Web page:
The Spanish translation of the phrase “love of neighbor” is “amor al prójimo,” which implies loving someone in proximity. Dean Nuñez shares helpful suggestions about how we can think about this principle to draw closer to people outside of our regular circles and find common ground.

“Loving People as They Are” with Jody Moore

“Striving to put the focus on ‘Who do I want to be? How do I be a more loving person?’ versus ‘What's wrong with everyone else in the world?’ really does shift your brain to find opportunities for it.”

Knowing we should love everyone doesn’t mean it’s always easy. It can be challenging to have patience with someone when they’re not acting in lovable ways.

Author and certified life coach Jody Moore joined the Magnify podcast to share practical ways that we can manage our thoughts and emotions to get from a place of frustration or judgment to a feeling of love. When you’re struggling to get there, she recommends finding a way to rewrite your thought story to find a compassionate angle.

“Everybody's doing the best they can, and sometimes our best is pretty terrible,” she says. “I think Christ was perfect at understanding that. He could love everyone in the story all the time. And sometimes loving the people in the story means having boundaries and protecting them and saying no.”

“How Charity Can Be Magnified” with Brooke Romney

“Charity is not the way we feel about others—it's not even the way we feel about God. Charity is the way God feels about us.”

No matter how busy we are, we can find ways to understand God’s love for others and help them feel that love.

Listen to this episode with author Brooke Romney to learn how striving to see people through God’s eyes can help us eliminate contention and feel more charity. She touches on examples from Christ’s life, such as his interaction with the woman taken in adultery, to highlight how we can lift people up rather than give in to natural impulses to gossip or become impatient.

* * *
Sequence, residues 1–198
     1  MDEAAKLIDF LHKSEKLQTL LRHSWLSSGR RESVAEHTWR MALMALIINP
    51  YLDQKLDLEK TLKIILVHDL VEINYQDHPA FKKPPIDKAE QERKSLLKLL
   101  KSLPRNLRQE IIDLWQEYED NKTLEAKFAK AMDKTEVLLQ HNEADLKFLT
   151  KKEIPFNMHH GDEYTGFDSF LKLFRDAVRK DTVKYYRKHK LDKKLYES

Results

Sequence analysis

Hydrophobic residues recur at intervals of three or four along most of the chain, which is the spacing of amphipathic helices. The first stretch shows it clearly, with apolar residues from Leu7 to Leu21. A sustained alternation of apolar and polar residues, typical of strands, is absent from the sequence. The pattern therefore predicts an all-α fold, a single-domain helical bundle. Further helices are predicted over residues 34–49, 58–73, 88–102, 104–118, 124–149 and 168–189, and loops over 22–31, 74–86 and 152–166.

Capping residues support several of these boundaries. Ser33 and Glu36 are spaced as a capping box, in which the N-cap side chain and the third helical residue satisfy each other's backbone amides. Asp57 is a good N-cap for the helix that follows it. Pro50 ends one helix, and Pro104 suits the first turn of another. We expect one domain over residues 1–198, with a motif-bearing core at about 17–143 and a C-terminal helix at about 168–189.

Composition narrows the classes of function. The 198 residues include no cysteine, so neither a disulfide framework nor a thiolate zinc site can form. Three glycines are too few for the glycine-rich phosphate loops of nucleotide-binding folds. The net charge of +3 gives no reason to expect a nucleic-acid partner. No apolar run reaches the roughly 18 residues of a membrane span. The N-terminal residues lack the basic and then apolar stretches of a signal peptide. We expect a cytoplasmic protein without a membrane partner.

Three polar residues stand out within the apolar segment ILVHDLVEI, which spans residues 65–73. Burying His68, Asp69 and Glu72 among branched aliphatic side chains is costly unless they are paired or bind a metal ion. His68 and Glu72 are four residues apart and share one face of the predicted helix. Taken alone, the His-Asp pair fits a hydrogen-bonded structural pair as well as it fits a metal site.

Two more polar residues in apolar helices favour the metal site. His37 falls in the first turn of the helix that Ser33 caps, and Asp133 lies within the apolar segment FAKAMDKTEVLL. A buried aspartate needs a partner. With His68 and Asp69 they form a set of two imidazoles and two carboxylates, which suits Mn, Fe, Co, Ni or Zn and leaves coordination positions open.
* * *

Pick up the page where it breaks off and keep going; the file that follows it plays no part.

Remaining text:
Brooke points out that demonstrating charity will help us feel happier and more authentic as well. “The more often we're in alignment with who God knows we can be, the better we feel,” she says.

“Unnamed Women of the New Testament: The Widow of Nain”

“This setting and what Jesus does in feeling so much love and compassion for [the widow of Nain] is an example for others in that village to practice pure religion … [and] be more compassionate to those who are without. And in many ways, so often, it's widows and [the] fatherless that seemed to be foremost in His mind.”

The Savior’s life is filled with examples of serving and reaching out to those who may have been marginalized or forgotten.

Scholar Camille Fronk Olson joined Sunday on Monday host Tammy Uzelac Hall to discuss the story of the widow of Nain in Luke 7. While the widow doesn’t speak to Christ in the account, Camille points out that He’s able to respond to her with compassion and anticipate the desires of her heart.

Listen to the episode to learn how we can develop Christlike compassion to help others during their trials—especially those who might feel forgotten or unable to articulate what they need.

Lesson 36: “Ye Are the Body of Christ” (1 Corinthians 8–13)

“How do we create a unified but not uniform community? I think that informs us today, as much as it did Paul in his time, that we want to create strong religious communities. And that doesn't mean that we’re all the same. It means that we all can be different, but that we're unified in Christ.”

Everyone is needed in the body of Christ, and we each have beautiful gifts and talents to contribute. God gives us the opportunity to worship and live together in communities to develop charity, “which never faileth” (1 Corinthians 13:8).

In this episode, Sharmaine Howell and Emily Robison Adams join Tammy Uzelac Hall to discuss 1 Corinthians 8–13. They cover how to give ourselves and others grace as we learn from our collective strengths and weaknesses. Sometimes this means mourning together or respecting people even when we disagree, but it can also mean rejoicing together and embracing our authentic selves.

While it may not be easy to love ourselves or others, coming closer to Christ can help us to find charity and unity through our divine connection. “When you can love Jesus, you really can love others,” Tammy says. “You really do look past people's imperfections because you see as He sees.”